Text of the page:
Then Batista had wanted all to know and fear him for it. The dictator had his wish for now almost all feared him; but then almost all hated him for it too.

In the future more horrors would come. Such as the screams of hundreds of Castro’s militia men, strafed on open causeways by B-26s bombers, then burning died trapped in Leyland buses during the Bay of Pigs. However, we do not know this for this particular terrible scene is a little over two years into the future.

At this time the first week of January 1959 we continue our advance. Now we change vehicles to ride in an open flatbed truck with wooden rails around it, perhaps a cattle truck; here we can stretch out more. Now, if or when we encountered resistance, getting out of this vehicle would be much easier than if such would occur while riding in a bus. We could have a chance to survive ambush by vaulting over the railings to the ground. This small measure of added security makes us happy.

Cuba is warm. We are so accustomed to the rain we do not notice it falling on us as we ride on those open trucks. We must stink like wet dogs, but we do not notice that either.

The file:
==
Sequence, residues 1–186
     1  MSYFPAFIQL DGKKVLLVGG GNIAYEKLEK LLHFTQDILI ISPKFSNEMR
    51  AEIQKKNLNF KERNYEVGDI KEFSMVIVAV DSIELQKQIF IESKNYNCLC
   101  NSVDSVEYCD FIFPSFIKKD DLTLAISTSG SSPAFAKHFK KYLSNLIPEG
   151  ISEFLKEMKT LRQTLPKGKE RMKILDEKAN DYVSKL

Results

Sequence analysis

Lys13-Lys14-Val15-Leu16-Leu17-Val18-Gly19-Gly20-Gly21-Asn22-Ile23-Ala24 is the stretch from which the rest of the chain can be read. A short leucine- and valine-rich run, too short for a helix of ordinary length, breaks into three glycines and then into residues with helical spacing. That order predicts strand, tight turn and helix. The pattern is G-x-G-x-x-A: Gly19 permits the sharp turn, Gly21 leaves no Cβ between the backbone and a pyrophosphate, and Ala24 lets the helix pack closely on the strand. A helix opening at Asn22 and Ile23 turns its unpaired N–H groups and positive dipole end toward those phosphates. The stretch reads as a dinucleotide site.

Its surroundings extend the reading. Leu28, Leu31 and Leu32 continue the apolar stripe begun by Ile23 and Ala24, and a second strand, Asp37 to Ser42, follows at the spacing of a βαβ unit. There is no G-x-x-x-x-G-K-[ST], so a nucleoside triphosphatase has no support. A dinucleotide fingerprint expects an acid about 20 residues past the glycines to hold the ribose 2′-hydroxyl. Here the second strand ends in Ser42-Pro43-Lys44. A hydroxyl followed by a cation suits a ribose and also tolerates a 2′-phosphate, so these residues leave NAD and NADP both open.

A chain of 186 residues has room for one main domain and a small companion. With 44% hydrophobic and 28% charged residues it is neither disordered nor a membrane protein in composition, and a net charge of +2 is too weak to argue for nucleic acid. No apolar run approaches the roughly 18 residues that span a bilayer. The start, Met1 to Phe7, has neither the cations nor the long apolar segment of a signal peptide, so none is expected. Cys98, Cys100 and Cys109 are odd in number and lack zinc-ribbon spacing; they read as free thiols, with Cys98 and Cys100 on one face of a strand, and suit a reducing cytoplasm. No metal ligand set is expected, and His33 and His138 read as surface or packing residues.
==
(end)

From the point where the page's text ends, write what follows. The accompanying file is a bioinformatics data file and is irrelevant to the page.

We stop at a former Batista army-base. We do not know where we are for our leaders do not bother to tell us. We merely know it is on the plains perhaps in flat Camagüey province. The Batista soldiers are there milling around and now harmless, for they have surrendered and are joining us.

It never occurs to us to ask these Batista soldiers where we are. To do such would reveal weakness, and they, although psychologically defeated, are still in numbers and in armament potentially far more powerful than us.

We pay little attention to our former enemies, for we are famished. The base has an American style cafeteria. Here we anachronistic hairy barbarians gather our food from a serving line of chrome steel and elegant modern 1950s facilities. We find the food good; but we were not so picky then.

When at school term end in 1957 I arrived from Havana a judoka, a judo player, on the coffee sack scale gave my weight as over 200lbs. A few months of lifting coffee sacks and living on the farm changed that to about 185 or so in April on joining the rebels. Now I not look the same; I am dirty, all beard and long hair, weighing perhaps 140 pounds.

As we ride on the open truck, sitting on its wooden bed, the truck jolts across red earth taking detours around where the road had been sabotaged. We cross flat plains most likely also in Camagüey. The thin two-lane Central Highway that President and then Dictator Machado finished in 1931 runs straight here. The convoy stops and starts. We move slowly. Time perhaps days pass.

Again we suffer hunger; again we are in almost hallucinating revere. I am as if in Sioux vision quest in time of war; things are not real and yet more than real. Time is fluid and flexible; in this place the future is not as hidden as it should be to spare us pain.

The day is ending. Long shadows chase each other across a palm- strewn plain. Pools of darkness gather to grow large under the gigantic algarrobo rain-trees.